As a result it seems packaging lags behind in terms of sustainability – but the reality is more complicated. Take polybags: those thin plastic bags wrapped around individual items of clothing. The challenge of packaging in fashion extends far beyond them but they illustrate the scale and nature of the problem.
The ubiquity of polybags isn’t just due to laziness; the clothing industry has spent a lot of time and money trying to find alternatives. Patagonia, which puts millions of dollars into environmental action, decided it couldn’t stop using polybags after testing showed that without them, 30 per cent of goods were damaged before they left the factory. Everlane, a US online clothing company whose slogan is “radical transparency”, has committed to removing virgin plastic from its supply chain by 2021: it spent months looking for alternatives to polybags. In the end the best it could do was replace virgin plastic bags with recycled ones. “A garment that’s damaged and can’t be used has a significant footprint as well,” says Bleue Wickham-Burnham, head of sustainability at UK menswear brand Oliver Spencer. “That’s the thing about sustainability: there’s no straightforward answer.”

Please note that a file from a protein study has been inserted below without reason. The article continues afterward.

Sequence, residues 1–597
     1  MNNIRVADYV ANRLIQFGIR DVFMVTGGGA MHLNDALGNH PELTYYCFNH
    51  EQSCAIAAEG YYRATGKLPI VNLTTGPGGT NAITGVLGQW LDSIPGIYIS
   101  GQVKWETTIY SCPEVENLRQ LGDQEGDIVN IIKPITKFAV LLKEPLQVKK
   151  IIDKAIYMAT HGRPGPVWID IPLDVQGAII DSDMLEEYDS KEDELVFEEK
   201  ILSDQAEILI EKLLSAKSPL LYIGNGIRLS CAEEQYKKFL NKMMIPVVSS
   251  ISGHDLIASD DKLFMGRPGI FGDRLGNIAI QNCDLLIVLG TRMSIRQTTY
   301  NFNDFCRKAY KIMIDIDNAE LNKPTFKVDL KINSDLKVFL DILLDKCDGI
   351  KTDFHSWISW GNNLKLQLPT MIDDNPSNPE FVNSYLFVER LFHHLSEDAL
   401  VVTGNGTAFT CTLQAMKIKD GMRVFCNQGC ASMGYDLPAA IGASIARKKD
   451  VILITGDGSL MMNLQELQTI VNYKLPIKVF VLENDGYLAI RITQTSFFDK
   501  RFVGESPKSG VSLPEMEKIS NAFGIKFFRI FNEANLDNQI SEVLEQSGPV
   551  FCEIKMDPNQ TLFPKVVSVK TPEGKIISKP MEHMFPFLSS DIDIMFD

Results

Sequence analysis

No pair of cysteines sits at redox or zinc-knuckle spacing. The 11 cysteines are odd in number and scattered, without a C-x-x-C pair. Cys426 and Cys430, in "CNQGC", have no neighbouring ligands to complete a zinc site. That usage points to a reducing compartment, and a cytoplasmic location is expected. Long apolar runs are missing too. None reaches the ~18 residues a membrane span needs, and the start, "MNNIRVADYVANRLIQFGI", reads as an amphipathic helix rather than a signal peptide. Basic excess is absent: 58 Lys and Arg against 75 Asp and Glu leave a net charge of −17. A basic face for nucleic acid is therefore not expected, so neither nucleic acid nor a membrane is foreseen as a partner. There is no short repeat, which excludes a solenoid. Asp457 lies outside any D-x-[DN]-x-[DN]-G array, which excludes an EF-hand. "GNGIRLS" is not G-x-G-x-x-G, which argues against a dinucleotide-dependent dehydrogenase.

Wickham-Burnham has spent a lot of time investigating polybag alternatives. Part of the issue is that, surprisingly, plastic packaging can require three times less energy and emit less greenhouse gas in production than alternatives such as cardboard. “We’ve talked with recycled paper suppliers but from a carbon perspective, plastic is still the lowest-footprint material at the moment,” he says.